The driver survived but her passenger, 78-year-old Charles Scripps, did not. “Can you imagine it?” asks Sally. “Two people lost, just like that.”

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The twin tragedy is just one that, this summer, will be presented to a high court judge in a bid to have the vast majority of the UK’s smart motorway network abolished. A campaign group, Smart Motorways Kill, is to apply for a judicial review to effectively illegalise M-roads without hard shoulders on the grounds that they are inherently dangerous.

Small incidents (like blown tyres) on such roads, the group will argue, have a habit of ending in catastrophic consequences. Some 53 deaths over a six-year period will be referred to in their evidence. Almost all of them, lawyers will submit, could have been avoided if only the emergency lane had still existed.

Crucially – and explosively – they will suggest officials have long known the extent of this danger but have repeatedly obscured it behind flawed data in a bid to keep rolling more such roads out. “It’s the job of transport engineers to design the risk out of our motorways,” says Claire Mercer, who leads the campaign and whose husband Jason died on the same stretch of M1 in 2019. “By making the hard shoulder a live lane, they have literally added extra risk in.” If the group’s action succeeds, the repercussions would be monumental.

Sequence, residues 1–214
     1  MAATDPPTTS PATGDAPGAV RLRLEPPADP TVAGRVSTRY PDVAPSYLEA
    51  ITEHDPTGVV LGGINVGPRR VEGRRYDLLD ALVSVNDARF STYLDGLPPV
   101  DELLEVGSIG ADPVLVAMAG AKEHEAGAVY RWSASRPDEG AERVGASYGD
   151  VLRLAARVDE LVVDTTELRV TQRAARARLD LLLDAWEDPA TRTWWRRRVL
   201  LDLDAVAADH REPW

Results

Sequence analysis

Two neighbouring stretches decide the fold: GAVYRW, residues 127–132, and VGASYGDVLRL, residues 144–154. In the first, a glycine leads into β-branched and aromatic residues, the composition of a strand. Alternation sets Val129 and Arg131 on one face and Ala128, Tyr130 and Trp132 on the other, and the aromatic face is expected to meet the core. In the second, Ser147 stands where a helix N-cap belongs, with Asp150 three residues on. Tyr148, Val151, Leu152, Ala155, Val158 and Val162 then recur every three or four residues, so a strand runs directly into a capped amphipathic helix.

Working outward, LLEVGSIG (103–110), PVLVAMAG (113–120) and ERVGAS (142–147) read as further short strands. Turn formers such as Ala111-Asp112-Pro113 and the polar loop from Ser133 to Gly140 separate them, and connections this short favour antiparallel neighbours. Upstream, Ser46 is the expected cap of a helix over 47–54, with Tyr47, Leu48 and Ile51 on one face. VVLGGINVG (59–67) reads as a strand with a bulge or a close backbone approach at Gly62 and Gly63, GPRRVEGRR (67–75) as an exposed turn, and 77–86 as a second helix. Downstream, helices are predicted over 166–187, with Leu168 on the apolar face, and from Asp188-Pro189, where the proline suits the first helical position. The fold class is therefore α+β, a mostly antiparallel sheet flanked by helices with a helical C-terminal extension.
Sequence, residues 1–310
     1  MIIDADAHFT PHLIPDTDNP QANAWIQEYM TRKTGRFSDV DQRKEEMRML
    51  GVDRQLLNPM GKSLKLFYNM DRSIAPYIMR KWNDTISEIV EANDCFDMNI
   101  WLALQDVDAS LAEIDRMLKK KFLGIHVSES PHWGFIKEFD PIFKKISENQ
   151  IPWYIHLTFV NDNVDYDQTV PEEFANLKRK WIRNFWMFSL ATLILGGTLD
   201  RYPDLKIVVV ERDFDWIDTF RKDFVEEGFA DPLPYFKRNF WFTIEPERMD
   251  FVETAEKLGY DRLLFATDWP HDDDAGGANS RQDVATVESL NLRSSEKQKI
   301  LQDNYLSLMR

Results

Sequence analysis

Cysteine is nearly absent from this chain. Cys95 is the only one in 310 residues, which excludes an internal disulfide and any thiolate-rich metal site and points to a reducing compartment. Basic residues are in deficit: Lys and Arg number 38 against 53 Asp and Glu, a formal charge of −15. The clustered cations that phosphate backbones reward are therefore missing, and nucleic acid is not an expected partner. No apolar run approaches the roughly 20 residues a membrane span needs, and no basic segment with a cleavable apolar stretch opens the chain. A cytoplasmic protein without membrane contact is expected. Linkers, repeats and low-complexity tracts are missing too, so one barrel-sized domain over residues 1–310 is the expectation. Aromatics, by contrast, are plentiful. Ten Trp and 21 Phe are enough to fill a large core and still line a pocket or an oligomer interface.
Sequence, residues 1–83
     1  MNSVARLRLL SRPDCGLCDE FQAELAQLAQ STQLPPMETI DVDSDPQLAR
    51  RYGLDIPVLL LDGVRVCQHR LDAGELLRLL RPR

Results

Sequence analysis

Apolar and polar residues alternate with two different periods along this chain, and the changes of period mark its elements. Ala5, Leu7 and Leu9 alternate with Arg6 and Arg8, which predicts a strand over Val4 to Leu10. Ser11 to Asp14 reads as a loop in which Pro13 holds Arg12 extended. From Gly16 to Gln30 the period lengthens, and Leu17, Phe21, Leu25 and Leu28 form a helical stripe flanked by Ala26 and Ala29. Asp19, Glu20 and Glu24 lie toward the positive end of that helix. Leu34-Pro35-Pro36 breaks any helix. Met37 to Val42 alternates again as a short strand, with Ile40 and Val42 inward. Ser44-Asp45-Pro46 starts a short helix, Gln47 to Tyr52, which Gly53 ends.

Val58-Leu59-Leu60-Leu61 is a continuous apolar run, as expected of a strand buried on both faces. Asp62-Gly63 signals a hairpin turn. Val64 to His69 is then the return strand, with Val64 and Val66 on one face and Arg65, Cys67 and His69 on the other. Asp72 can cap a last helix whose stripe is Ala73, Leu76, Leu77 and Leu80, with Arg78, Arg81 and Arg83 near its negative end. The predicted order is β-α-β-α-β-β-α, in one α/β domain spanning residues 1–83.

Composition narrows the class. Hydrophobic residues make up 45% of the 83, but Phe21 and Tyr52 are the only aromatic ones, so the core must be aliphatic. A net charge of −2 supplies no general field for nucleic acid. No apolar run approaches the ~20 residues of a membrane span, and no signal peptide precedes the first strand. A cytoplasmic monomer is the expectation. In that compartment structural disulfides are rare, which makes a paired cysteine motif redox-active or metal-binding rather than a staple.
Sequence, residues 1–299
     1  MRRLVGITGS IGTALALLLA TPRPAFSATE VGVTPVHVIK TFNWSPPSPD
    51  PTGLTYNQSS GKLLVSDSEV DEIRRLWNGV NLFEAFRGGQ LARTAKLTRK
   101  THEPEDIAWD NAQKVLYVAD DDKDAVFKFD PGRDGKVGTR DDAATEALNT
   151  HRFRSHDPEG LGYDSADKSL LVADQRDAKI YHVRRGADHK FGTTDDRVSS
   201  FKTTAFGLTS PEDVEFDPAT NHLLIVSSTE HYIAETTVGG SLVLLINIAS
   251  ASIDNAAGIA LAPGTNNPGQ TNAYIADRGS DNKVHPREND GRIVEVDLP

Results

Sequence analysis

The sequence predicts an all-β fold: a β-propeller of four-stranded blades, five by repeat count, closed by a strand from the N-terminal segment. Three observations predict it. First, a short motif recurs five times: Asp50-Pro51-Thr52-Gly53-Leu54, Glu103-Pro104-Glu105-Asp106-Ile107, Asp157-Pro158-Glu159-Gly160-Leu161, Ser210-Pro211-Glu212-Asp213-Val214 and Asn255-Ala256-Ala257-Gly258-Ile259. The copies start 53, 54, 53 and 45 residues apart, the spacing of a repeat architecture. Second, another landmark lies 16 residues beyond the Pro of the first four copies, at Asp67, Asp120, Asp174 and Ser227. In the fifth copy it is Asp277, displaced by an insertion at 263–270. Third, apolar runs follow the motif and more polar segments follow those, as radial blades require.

Highways England – the government company in charge of the UK’s major roads – would, at a stroke, be told to reinstate the 204 miles of hard shoulders which it has spent the last 15 years transforming into live carriageways. Billions of pounds worth of work would be rendered instantly unusable. Yet Mercer – a tenacious South Yorkshire woman, red of hair and fiery of character – is quietly confident. “Every time these motorways are reviewed in any independent legal realm, the experts come to the same conclusion: they’re death traps,” she says today. “Coroners see it, police see it, MPs see it.

When they look at the evidence, I think a judge will see it too.”

Something, somewhere being obscured